That Baseball Cap May Do More Than Keep the Sun Off
Cold war enemy spies - the late William Colby (former CIA director) and Oleg Kalugin (former major-general of the KGB) came in from the cold war this past year to collaborate on a computer spy game and write forewords for "The Ultimate Spy Book," by H. Keith Melton (DK Publishing, 176 pp., $29.95).
The two men, both of whom managed and trained spies, say they used many of the tools and techniques shown in this comprehensive collection of spycraft equipment - from the American Civil War to present.
The book displays all sorts of gadgets that spies use, from watches with microphones to a tiny camera that can be hidden in a baseball cap and take pictures through woolen cloth.
Ciphers and decoders are also shown - like the one a Japanese spy used to send messages to Tokyo about the movement of US warships in Hawaii before the Japanese attacked Pearl Harbor in December 1941. (Americans had broken the code and regularly read diplomatic cable traffic to Japan, but for some unknown reason, never reported these specific messages to Washington.)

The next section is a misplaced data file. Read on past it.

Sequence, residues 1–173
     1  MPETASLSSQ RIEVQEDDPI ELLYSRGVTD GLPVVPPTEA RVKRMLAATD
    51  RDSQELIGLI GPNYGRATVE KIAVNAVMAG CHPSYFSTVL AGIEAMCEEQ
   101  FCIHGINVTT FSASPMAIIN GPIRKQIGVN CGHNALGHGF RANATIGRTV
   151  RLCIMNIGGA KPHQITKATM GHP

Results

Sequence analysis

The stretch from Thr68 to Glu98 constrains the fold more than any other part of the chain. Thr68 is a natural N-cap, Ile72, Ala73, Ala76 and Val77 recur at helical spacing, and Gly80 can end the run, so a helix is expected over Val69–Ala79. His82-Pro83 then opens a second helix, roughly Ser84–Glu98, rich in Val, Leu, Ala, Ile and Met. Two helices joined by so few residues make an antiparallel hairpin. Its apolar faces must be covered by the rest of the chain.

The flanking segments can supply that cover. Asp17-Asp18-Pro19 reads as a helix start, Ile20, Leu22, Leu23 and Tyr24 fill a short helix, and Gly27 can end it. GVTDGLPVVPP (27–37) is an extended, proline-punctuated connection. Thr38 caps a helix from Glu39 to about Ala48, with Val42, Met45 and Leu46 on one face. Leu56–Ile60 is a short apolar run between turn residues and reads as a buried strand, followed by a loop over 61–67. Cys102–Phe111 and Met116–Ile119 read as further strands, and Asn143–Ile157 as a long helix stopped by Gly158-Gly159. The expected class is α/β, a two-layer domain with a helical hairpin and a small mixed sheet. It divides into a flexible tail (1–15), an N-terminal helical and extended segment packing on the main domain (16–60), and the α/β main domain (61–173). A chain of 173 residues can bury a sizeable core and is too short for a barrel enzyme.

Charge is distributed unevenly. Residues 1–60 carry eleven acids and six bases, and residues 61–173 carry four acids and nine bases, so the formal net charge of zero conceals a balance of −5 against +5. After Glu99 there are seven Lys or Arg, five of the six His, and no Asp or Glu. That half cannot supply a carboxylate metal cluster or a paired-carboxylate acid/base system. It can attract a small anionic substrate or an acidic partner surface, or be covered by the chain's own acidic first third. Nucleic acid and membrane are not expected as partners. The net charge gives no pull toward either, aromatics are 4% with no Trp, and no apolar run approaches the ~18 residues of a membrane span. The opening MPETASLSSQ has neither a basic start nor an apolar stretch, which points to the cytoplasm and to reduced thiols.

The author uses lots of photos to illustrate the development of equipment. The surveillance section, for example, shows bugs in electric plugs, telephone taps, a video camera the size of a postage stamp, the development and use aerial spying from the U-2 plane to current satellite technology, which can record images as small as six inches across from 200 miles above Earth. Two satellite images are also displayed: one the Soviets had of Washington, including CIA headquarters at Langley, Va., and another one the US took of a Soviet aircraft carrier under construction.
The book also shows an array of devices used for concealment (a note hidden in a walnut shell), escape and evasion (a deck of cards with maps inside), and assassination (a lipstick-sized gun and a poison-emitting umbrella).
Mr. Melton peppers his historical look at spycraft with tales of spies who used the methods he writes about - from John Wilkes Booth to Kim Philby and Aldrich Ames. It is a fascinating look at the real things, which most people only read about in spy novels or see in movies.